• SoC 2008 Mentor Summit

    The Google SoC 2008 Mentor Summit is now officially over. The summit has taken place during the whole weekend and has been pretty intensive. The organization of the whole event has been excellent thanks to the hard work of Leslie Hawthorn among others; sorry, can't remember your names... I'm very bad at this.We have had multiple sessions, ranging from technical ones such as distributed version control systems to more political ones such as how to deal with assholes in open source projects. There were lots of passionate people in these talks, and it was quite interesting to see it all. The cool thing, though, as opposed to other conferences, is that everyone here comes from a different project and background, so you get to see lots of different opinions and points of views for each topic.As regards the Google HQ campus, it is great. I thought the NYC offices were good, but these are spectacular to see. Unfortunately, there is not much to do out of them... so I'm not sure if it could be so good to work here for a long time.Now, I'm sitting in the San Jose airport (SJC) waiting for the flight back to NYC. Amazingly, there is free internet wireless connection and electrical plugs! Very, very nice detail. And there is few people around, which makes it very quiet and relaxed.Oh, and to those who will decipher this: some more mini golf training during the summit :P [Continue reading]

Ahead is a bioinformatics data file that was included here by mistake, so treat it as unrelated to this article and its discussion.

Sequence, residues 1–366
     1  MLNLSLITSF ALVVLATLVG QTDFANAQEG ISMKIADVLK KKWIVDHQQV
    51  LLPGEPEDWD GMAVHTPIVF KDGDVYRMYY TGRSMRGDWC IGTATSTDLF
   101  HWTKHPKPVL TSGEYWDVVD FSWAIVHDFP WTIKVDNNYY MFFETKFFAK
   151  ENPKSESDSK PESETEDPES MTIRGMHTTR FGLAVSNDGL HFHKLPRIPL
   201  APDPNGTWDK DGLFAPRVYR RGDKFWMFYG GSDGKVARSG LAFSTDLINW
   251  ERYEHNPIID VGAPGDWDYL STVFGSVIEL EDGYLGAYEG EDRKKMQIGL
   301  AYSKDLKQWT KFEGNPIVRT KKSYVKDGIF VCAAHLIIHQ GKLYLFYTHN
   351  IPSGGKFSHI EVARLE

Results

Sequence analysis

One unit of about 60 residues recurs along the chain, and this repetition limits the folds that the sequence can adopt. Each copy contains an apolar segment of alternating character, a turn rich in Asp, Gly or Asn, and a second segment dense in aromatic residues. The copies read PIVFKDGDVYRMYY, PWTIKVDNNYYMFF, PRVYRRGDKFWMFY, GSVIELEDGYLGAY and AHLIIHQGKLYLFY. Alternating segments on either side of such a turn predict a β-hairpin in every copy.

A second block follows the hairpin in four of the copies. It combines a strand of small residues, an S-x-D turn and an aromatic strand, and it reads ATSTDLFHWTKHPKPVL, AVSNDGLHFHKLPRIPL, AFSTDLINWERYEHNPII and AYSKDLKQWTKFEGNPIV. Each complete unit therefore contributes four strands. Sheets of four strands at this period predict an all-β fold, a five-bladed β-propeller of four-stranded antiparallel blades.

• Live@NYC: ... or not; now in MTV!

    I've landed this morning in San Francisco at 9.00am (which means I left NYC at 6.00am!) and went straight down to the Google Headquarters in Mountain View. No sleep at all except for a little bit of pseudo-sleep in the plane. The Google campus is really nice. It puts the NYC offices in an inferior level than I thought :P But the only problem is that the area surrounding the campus is basically empty. Very small houses and lots of space between them, which is not bad per se... but means that there really is not much to do.Anyway. What am I doing here? I am attending the Google Summer of Code 2008 Mentors Summit this weekend, but came a bit earlier to be able to do a couple of meetings with coworkers in the Mountain View office. Pretty exhausting day, and it is not close to over yet!Just enjoy the few photos I've taken so far.PS: Been playing mini-golf on-board until I got an unasked segmentation fault. [Continue reading]

  • C++ teaser on templates